United States District Court, N.D. Illinois, Eastern Division
CHRISTOPHER HOWE, individually, and on behalf of all others similarly situated, Plaintiff,
SPEEDWAY LLC, et al., Defendants.
MEMORANDUM OPINION AND ORDER
R Wood United States District Judge
beginning of his employment at a Speedway gas station,
Plaintiff Christopher Howe was required to scan his
fingerprint, which his employer used to authenticate his
identity and track his time. Howe initially brought this
putative class action in Illinois state court against
Defendants Speedway LLC (“Speedway”) and Marathon
Petroleum Co. (“Marathon”),  arguing that
Defendants collected and stored his and similarly-situated
individuals' fingerprints in violation of Illinois's
Biometric Information Privacy Act (“BIPA”), 740
ILCS 14/1, et seq. Defendants then removed the
lawsuit to federal court (Dkt. No. 1), and shortly thereafter
filed a motion to dismiss (Dkt. No. 25). In response, Howe
moved to remand the action back to state court, claiming that
Defendants' motion to dismiss demonstrated that Howe did
not have Article III standing to bring this action in federal
court. (Dkt. No. 50.) For the reasons that follow, Howe's
motion to remand is granted and Defendants' motion to
dismiss is denied as moot.
an Illinois resident who worked at a Speedway gas station in
Addison, Illinois from September 2015 to May 2017. (Compl.
¶¶ 10, 36, Dkt. No. 1-1.) Speedway required its
employees to scan their fingerprints, which were stored in a
database operated by its vendor, Kronos. (Id.
¶¶ 2, 6, 38.) It used the employees'
fingerprints to authenticate their identities and to track
their time. (Id. ¶ 37.) Specifically, at the
beginning of each work day, an employee would clock in by
scanning his fingerprint and then scan his fingerprint again
at the end of the day to clock out. (Id.
¶¶ 2-3, 29, 39.) Howe's fingerprint data was
used for this purpose during his employment at Speedway.
(Id. ¶ 39.)
to Howe, Speedway collected, stored, and used his
fingerprints in violation of BIPA. Illinois passed BIPA in
2008 in order to provide certain protections for the
biometric identifiers-such as fingerprints-and biometric
information of Illinois citizens. (Id. ¶¶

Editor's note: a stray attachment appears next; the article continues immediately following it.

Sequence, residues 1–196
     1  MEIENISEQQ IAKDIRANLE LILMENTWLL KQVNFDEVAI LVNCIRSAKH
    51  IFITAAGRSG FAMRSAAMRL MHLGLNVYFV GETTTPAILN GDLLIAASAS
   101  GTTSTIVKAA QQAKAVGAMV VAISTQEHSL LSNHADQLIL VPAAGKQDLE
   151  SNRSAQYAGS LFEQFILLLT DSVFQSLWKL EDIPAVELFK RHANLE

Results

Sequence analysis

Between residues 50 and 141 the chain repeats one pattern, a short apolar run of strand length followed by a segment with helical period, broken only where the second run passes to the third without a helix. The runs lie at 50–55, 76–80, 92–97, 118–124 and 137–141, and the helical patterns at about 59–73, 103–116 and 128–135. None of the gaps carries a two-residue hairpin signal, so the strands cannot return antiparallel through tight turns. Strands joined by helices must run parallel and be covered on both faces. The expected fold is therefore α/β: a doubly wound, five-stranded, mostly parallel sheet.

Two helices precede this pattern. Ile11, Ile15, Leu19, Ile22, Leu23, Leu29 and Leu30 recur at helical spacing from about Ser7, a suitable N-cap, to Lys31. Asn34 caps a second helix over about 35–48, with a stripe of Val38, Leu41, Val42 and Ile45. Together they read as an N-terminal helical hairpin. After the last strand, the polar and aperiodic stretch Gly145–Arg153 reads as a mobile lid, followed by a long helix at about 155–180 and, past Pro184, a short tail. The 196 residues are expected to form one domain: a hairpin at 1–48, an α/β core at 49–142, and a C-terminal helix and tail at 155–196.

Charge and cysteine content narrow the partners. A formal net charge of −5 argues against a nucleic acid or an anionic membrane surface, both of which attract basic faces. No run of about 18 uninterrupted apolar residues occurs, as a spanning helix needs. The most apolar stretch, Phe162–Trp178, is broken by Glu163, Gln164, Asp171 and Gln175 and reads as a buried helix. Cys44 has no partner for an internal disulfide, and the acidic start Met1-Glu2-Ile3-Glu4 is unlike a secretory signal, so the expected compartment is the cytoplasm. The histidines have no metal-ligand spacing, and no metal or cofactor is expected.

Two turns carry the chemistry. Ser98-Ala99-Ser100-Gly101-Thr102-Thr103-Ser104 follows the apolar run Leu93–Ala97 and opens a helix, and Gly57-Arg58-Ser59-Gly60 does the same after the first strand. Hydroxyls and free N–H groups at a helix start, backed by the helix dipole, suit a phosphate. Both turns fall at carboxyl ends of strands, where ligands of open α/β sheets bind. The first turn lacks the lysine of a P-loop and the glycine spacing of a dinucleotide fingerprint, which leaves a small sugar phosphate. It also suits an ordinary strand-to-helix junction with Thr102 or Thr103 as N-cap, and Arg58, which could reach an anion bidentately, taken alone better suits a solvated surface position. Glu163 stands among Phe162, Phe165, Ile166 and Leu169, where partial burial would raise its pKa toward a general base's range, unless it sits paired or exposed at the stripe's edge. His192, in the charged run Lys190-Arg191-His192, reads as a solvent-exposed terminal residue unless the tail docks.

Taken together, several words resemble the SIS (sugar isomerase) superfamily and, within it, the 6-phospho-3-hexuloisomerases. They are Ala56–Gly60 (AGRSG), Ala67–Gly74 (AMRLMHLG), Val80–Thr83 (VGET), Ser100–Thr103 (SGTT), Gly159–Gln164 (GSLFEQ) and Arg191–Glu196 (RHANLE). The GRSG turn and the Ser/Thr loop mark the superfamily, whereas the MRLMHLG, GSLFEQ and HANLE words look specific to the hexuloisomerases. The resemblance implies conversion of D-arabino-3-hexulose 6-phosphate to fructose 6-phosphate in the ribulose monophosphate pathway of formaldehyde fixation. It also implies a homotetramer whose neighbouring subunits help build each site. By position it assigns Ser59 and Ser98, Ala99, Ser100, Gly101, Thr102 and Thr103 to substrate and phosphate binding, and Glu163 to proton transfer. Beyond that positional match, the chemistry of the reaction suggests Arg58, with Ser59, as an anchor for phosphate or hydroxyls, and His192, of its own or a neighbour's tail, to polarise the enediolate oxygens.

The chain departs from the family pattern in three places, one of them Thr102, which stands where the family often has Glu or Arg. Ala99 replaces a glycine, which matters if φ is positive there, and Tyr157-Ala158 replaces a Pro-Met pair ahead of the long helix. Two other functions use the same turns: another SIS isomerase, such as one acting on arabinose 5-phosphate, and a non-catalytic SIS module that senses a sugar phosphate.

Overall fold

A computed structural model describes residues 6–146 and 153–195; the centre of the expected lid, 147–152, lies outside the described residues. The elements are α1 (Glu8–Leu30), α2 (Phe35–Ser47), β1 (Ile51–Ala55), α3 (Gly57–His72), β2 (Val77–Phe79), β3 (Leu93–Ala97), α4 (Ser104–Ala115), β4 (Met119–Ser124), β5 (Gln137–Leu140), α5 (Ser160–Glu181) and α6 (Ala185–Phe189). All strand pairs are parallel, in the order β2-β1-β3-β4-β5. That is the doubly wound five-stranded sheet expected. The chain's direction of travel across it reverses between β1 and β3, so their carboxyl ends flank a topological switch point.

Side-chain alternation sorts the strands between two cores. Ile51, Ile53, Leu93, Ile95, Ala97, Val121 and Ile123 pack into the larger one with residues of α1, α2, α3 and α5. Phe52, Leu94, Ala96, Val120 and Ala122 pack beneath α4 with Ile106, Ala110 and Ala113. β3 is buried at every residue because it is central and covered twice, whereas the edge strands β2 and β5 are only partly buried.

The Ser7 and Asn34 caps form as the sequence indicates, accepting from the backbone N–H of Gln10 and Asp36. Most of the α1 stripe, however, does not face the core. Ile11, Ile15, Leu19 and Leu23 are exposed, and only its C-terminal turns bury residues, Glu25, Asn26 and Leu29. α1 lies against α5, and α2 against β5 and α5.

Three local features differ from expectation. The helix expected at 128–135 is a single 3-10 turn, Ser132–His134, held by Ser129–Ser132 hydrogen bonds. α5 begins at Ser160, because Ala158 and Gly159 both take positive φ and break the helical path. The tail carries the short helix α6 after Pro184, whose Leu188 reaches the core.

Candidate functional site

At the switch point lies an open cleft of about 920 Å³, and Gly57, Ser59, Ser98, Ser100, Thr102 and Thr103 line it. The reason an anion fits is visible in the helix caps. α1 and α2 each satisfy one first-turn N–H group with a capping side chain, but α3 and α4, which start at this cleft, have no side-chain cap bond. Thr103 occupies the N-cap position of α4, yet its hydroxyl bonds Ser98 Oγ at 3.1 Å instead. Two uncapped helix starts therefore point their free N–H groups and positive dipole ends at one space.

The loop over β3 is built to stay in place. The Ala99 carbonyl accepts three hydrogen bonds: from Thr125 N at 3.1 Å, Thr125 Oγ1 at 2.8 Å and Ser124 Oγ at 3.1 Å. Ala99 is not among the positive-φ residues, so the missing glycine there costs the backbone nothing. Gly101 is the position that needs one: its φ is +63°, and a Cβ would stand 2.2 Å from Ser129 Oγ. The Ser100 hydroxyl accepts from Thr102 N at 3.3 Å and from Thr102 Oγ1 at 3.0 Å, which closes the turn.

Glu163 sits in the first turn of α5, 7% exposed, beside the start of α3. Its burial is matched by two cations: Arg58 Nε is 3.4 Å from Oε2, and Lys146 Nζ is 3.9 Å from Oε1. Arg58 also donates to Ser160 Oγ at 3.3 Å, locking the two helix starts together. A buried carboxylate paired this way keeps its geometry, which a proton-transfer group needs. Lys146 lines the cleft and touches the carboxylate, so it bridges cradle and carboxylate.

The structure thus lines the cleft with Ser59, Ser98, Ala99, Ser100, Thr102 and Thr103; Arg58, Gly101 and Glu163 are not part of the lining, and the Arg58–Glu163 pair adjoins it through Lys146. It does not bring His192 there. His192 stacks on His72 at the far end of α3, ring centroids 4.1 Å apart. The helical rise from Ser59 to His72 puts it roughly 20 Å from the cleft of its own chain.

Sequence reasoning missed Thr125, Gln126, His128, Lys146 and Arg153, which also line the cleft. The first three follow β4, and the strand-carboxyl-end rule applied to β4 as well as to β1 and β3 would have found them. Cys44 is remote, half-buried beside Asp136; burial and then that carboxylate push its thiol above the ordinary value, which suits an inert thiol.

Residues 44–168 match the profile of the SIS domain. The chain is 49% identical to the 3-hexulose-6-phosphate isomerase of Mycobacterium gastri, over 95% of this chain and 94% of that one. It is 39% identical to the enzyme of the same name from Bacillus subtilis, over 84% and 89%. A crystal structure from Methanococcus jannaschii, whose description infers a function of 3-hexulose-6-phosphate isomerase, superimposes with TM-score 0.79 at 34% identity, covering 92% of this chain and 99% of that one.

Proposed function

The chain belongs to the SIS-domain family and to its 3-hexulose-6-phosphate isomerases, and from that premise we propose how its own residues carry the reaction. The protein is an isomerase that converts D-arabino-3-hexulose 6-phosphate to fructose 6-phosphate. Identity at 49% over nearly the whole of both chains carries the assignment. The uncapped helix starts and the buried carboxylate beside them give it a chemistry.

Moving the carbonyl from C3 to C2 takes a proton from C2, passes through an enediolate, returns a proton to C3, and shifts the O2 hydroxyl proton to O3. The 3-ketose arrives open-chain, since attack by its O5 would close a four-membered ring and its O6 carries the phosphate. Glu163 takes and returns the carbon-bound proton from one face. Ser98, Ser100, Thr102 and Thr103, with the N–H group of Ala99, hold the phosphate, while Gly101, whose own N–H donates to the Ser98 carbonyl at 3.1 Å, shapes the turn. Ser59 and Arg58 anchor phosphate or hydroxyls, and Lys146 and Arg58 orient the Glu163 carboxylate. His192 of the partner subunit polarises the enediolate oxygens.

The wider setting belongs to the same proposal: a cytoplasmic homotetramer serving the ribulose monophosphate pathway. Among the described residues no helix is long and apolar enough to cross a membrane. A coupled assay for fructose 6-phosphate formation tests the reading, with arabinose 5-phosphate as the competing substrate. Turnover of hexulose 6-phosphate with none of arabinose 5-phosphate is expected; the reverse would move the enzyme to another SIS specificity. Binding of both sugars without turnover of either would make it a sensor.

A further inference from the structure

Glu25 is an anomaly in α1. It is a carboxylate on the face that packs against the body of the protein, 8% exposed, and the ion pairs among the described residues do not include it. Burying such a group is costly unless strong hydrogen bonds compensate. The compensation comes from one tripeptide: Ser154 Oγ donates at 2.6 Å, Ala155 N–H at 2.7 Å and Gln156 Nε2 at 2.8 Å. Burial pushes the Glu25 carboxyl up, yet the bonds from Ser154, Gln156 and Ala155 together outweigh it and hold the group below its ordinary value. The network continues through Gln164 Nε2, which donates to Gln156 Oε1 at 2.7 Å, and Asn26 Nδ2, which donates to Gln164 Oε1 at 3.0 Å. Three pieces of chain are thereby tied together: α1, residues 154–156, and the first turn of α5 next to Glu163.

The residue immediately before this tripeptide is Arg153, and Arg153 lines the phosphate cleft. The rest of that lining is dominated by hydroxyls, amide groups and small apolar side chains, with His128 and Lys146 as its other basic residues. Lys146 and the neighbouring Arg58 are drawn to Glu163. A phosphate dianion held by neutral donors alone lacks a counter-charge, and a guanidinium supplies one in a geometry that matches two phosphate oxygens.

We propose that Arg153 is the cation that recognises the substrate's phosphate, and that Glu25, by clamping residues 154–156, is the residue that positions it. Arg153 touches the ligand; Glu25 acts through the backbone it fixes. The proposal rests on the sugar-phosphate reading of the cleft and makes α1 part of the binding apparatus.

18, 21.) The statute includes provisions requiring any
private entity to make two disclosures and receive a written
release before collecting a person's biometric identifier
or information. (Id. ¶ 19; 740 ILCS 14/15(b).)
In particular, the entity must disclose in writing to the
person whose biometric data is being collected “that a
biometric identifier or biometric information is being
collected or stored.” (Compl. ¶ 19; 740 ILCS
14/15(b)(1).) Then, the person must be informed “in
writing of the specific purpose and length of term for which
a biometric identifier or biometric information is being
collected, stored, and used.” (Compl. ¶ 19; 740
ILCS 14/15(b)(2).) Furthermore, a private entity that is in
possession of biometric data
must develop a written policy, made available to the public,
establishing a retention schedule and guidelines for
permanently destroying biometric identifiers and biometric
information when the initial purpose for collecting or
obtaining such identifiers or information has been satisfied
or within 3 years of the individual's last interaction
with the private entity, whichever occurs first. Absent a
valid warrant or subpoena issued by a court of competent
jurisdiction, a private entity in possession of biometric
identifiers or biometric information must comply with its
established retention schedule and destruction guidelines.
(Compl. ¶ 23; 740 ILCS 14/15(a).)
filed the present class action against Speedway and Marathon
(of which Speedway is a wholly-owned subsidiary) seeking
statutory damages under BIPA on behalf of himself and a class
of similarly-situated individuals, as well as an injunction
forcing Defendants to comply with BIPA. (Compl. ¶¶
61-76.) In addition, Howe seeks damages for Defendants'
negligence. (Id. ¶¶ 77-84.) In his
complaint, Howe alleges that Speedway violated BIPA because
it never provided any disclosures nor did it obtain his
written release before scanning and storing his fingerprints.
(Id. ¶¶ 40, 42.) He further alleges a
violation stemming from Speedway's failure to create and